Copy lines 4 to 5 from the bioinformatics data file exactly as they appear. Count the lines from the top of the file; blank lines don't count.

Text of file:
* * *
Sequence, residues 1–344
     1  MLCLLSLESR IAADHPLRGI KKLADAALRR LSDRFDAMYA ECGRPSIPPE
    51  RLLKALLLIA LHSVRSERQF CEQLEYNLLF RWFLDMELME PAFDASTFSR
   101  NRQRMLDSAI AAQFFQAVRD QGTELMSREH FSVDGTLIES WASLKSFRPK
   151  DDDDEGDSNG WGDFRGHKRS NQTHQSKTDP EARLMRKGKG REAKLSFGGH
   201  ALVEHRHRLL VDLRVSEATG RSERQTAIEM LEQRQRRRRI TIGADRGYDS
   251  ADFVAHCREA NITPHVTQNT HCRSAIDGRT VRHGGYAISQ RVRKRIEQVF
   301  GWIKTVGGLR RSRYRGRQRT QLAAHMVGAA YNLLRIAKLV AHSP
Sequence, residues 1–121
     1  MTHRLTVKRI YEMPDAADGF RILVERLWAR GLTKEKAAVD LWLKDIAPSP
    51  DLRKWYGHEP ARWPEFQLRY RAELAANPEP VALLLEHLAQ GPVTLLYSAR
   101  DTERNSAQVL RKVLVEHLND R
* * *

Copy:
   101  NRQRMLDSAI AAQFFQAVRD QGTELMSREH FSVDGTLIES WASLKSFRPK
   151  DDDDEGDSNG WGDFRGHKRS NQTHQSKTDP EARLMRKGKG REAKLSFGGH